Scent over time

January 04, 2009 at 12:00 PM in: smell, time, music, perfume

One of the more intriguing aspects of perfumery is the evolution of scent over time. The more volatile components of a mixture ("top notes") predominate at first, and as they evaporate off they give way to the slower and heavier components of the scent ("base notes").

I'm very new to perfumes, but so far I am finding myself fascinated by the complexity of the initial scents and bored by the long and relatively simple finishes. For example, Christopher Brosius describes his Violet Empire: "the violet scent perpetually peeps out from behind a shining green veil." Indeed, out of the bottle it smells fantastic. On skin, the shining green veil soon dissipates and what remains seems floral and cloying, though a better nose than mine describes the finish as "deep woods and a mild trail of leather".

Contrast this with the development of a piece of music - many pieces start with a simple exposition of a theme, slowly building in complexity as the vocabulary gets established. This is most obvious in a Hindustani classical performance, which begins by slowly exploring the intervals of a raga within a single octave, juxtaposing only a few notes at a time and letting them fade before sounding new ones. Gradually the surrounding octaves are added to the mixture, and the soloist accelerates until many tones are ringing at once. It might take ten minutes before any rhythm is introduced, and another twenty before the fireworks really get going.

A perfume seems more like a single stroke of a gong - rich and complex when first struck, but settling down to a persistent hum. But while a gong lasts a few minutes at most, the base notes of a perfume persist for hours.

Wine tasting allows another approach - you get to take that journey from start to finish on each sip, as well as noticing the slower changes over the course of several glasses. However, wines have a much more constrained palette than what the perfumers work with.

The slowest change in scent I've ever observed took years, and was probably a chemical change rather than the gradual evaporation of volatiles. I picked a flower in Marin county - something like Artemisia Californica, but with perfect small silver-gold everlasting flowers. The sage smell lasted for months, fading to a distinct smell of maple syrup. After two years the maple scent was replaced by an increasingly powerful whiff of dried urine. It took a while to figure out where the odor was coming from, but I regretfully got rid of the flower.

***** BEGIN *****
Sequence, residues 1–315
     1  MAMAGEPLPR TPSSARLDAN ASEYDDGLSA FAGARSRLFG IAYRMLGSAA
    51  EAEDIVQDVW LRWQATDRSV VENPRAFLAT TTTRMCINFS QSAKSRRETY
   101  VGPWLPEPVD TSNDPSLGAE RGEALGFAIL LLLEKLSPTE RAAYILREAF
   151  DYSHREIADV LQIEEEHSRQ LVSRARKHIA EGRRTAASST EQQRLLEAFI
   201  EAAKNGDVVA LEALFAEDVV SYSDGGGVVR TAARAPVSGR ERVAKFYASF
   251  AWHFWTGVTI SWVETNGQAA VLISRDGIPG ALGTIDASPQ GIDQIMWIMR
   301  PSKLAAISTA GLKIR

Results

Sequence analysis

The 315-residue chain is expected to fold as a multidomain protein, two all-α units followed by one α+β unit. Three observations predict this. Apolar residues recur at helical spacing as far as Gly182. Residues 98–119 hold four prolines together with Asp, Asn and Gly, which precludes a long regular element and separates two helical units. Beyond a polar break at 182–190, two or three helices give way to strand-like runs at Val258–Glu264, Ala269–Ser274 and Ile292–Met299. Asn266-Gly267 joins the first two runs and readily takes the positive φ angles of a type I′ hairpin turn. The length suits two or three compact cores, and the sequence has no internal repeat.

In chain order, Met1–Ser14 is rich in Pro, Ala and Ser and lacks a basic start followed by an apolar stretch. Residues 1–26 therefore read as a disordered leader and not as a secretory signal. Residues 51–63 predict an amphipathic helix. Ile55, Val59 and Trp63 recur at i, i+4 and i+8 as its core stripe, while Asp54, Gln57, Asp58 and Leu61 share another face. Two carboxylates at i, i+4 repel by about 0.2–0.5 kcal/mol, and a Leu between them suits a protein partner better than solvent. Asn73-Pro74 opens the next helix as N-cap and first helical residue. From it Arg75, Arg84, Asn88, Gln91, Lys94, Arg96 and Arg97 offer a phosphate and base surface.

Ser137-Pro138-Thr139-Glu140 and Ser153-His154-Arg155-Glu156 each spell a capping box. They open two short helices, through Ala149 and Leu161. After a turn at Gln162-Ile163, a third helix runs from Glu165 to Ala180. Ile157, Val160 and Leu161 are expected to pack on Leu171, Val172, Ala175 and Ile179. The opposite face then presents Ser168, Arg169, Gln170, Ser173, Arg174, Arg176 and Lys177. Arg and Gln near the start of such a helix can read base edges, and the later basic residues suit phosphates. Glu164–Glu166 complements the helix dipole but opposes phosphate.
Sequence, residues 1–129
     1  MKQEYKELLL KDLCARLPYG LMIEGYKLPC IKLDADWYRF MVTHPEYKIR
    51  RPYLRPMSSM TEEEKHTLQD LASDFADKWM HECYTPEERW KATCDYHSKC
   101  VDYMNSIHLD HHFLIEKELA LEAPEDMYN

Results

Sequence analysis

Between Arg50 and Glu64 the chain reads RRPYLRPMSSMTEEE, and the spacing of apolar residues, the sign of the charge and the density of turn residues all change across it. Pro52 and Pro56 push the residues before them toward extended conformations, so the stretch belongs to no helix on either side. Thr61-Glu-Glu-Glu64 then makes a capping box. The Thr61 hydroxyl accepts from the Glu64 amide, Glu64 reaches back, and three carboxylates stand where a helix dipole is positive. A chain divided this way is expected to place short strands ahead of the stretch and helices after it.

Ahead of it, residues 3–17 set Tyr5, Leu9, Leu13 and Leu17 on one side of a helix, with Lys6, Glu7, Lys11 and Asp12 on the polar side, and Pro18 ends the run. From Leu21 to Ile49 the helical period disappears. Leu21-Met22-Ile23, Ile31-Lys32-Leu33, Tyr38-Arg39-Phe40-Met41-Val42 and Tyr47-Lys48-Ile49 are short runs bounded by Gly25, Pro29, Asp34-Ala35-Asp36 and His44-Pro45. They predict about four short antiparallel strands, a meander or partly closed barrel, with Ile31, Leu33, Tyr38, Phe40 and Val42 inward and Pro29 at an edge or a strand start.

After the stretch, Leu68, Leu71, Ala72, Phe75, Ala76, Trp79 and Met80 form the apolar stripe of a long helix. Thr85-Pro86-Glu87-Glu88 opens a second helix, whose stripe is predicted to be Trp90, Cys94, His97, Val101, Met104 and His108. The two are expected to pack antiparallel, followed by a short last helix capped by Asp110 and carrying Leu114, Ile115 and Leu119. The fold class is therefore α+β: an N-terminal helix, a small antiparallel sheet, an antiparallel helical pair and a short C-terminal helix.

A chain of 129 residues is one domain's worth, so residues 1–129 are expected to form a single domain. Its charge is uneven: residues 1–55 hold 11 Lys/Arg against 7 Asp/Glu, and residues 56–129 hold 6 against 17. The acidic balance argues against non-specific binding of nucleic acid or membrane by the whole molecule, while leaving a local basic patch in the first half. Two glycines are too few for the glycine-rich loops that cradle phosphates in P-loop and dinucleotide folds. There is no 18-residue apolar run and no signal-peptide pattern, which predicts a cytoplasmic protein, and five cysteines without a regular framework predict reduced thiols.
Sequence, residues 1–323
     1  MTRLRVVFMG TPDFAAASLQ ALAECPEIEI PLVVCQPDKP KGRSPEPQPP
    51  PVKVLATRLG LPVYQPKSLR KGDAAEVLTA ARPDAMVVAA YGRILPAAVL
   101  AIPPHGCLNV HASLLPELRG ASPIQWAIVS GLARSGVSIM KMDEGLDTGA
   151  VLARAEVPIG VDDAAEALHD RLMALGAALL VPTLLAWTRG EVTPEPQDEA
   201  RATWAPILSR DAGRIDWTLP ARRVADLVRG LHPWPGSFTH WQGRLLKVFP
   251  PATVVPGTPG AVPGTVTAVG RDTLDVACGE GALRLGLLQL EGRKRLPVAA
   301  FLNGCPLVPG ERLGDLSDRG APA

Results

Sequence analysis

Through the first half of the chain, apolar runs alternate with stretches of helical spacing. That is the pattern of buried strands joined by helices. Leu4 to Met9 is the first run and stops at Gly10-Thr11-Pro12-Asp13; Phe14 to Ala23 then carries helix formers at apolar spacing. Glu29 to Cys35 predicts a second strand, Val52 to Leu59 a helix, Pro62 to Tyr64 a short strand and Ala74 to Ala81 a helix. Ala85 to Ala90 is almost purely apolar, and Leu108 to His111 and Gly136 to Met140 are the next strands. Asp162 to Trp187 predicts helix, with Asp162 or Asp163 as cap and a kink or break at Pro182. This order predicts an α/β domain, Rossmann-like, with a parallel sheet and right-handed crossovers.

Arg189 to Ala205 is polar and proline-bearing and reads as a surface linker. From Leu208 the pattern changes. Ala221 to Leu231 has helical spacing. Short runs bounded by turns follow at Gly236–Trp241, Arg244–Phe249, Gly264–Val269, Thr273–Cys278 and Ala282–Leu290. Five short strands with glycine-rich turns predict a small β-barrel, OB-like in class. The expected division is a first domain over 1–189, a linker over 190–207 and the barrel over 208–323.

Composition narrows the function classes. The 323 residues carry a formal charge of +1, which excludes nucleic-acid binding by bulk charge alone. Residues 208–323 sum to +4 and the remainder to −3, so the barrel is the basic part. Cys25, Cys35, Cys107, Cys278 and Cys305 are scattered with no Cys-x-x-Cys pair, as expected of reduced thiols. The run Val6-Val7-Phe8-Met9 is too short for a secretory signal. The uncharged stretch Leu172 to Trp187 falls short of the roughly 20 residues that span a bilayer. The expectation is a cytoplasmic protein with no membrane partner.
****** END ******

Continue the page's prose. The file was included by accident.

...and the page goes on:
Turin, Sanchez, Burr, and Gilbert

December 17, 2008 at 12:00 PM in: smell, perfume

Maybe I'm just late to the party, but the current interest in scent seems to trace back to a single individual: Luca Turin.  It started when Turin and Tania Sanchez wrote a book of inscrutable but hilarious perfume reviews. Chandler Burr then wrote a book about Turin and Turin's controversial theory about the mechanism of smell, and parlayed that into a job as the first ever perfume critic for the New York Times.

In response, Avery Gilbert wrote a less than complimentary review (pdf) of Burr's book and Turin's science, which led to a full-length book about the science of smell. Gilbert is occasionally pedantic - there are twelve pages devoted to debunking Proust and his fans. But What the Nose Knows is - title notwithstanding - the best popular science book on scent that I've read so far, if you're interested in the experimental evidence anyway.

Now, a fast-food chain is running a viral marketing campaign using perfume as the hook, and Dr. Gilbert has taken the opportunity to write a snarky Burr/Turin/Sanchez style review of Eau de Hamburger. Excerpt:

Flame's topnote unfolds like a prepubescent Asian contortionist climbing out of a crate of overripe Algerian pears. The bold viande accord in the heart introduces itself with solid, yet suave confidence - it's Richard Gere on steroids. Boisdur delivers a signature touch wtih a trace of instantly recognizable isopropylparabenzyldicaproic acetate. The effect is stunning: like spare ribs slow-cooking on a Weber E-210 at a Section C tailgate party in the Meadowlands. The drydown is long and satisfying.

Fifteen years ago the only book I found on smell was Max Lake's somewhat lascivious Scents and Sensuality, which was interesting but not exactly confidence-inspiring. Good times for olfactory aficionados - thank you Dr. Turin.